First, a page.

Title:
Resonant converter for achieving low common-mode noise, along with isolated power supply and method employing the same
United States Patent 9240729


Abstract:
Embodiments are described for reducing common-mode current in electronic devices. In the various embodiments, a resonant converter is employed, for example in a power supply, and the resonant converter is driven by a DC input to generate an AC primary voltage on the primary windings of a power transformer. The DC input may be derived from an AC line voltage or a DC-to-DC converter. The AC primary voltage drives the primary winding of the transformer to generate an AC secondary voltage on at least one secondary winding of the transformer. The AC secondary voltage may then drive a rectifier, which in turn drives a low-pass filter to produce a DC output voltage. Phase-shift modulation is employed which, in conjunction with the resonant converter, applies a sinusoidal waveform to the primary of the transformer resulting in a reduced amount of common-mode current injected onto the secondary.



Inventors:
Kenny, John F. (Budd Lake, NJ, US)
Marriott, Joe E. (Loveland, CO, US)
Mueller, Katherine (Budd Lake, NJ, US)
Benes, Michael J. (Budd Lake, NJ, US)
Miller, Daniel (Windsor, CO, US)
Application Number:
12/495770
Publication Date:
01/19/2016
Filing Date:
06/30/2009
Assignee:
Keysight Technologies, Inc. (Santa Rosa, CA, US)
Primary Class:
1/1
International Classes:
H02M7/5383; H02M3/337; H02M1/00; H02M1/12; H02M7/48; H02M7/5387
Field of Search:
363/20, 363/21.02, 363/21.03, 363/21.07, 363/21.08, 363/21.15, 363/21.16, 363/44-48, 363/53, 363/127, 363/17, 363/40, 363/41, 363/43, 363/55, 363/56.02, 363/15, 363/16, 363/19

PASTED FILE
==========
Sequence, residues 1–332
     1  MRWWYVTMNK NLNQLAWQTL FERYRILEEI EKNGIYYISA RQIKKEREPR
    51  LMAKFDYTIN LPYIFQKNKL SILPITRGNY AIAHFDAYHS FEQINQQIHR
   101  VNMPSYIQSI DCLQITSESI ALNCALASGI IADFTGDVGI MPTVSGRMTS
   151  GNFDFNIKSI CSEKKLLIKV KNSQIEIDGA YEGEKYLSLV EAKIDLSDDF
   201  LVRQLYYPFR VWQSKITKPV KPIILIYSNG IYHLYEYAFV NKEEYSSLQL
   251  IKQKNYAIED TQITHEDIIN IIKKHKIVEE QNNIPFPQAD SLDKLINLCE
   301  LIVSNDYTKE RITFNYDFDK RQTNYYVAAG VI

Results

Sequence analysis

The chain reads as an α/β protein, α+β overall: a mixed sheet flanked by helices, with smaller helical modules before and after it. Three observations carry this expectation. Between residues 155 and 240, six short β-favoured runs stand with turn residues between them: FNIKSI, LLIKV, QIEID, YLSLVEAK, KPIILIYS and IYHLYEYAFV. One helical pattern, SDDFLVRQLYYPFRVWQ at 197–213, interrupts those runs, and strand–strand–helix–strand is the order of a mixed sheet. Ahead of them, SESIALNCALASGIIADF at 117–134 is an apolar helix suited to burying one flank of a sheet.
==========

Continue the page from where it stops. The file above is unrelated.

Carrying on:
View Patent Images:
US Patent References:
7706161Single stage resonant power converter with auxiliary power source2010-04-27Quazi363/89
20080278985BI-DIRECTIONAL HEMT/GaN HALF-BRIDGE CIRCUIT2008-11-13Ribarich363/127
7382636System and method for powering a load2008-06-03Baarman et al.363/97
20070253135Universal AC or DC Aircraft Device Power Supply Having Power Factor Correction2007-11-01Bovitz361/118
7286373Full-resonant power circuit device for receiving a variable input voltage2007-10-23Liu et al.363/16
7145786Point of load sine amplitude converters and methods2006-12-05Vinciarelli363/17
7030689Isolated DC-to-DC converter2006-04-18Leenerts et al.
6466460High efficiency, low voltage to high voltage power converter2002-10-15Rein et al.363/21.02
20020071301Power converter circuitry2002-06-13Kinghorn363/125
6366474Switching power supplies incorporating power factor correction and/or switching at resonant transition2002-04-02Gucyski363/20
6356462Soft-switched full-bridge converters2002-03-12Jang et al.363/17
6246599Constant frequency resonant inverters with a pair of resonant inductors2001-06-12Jang et al.363/132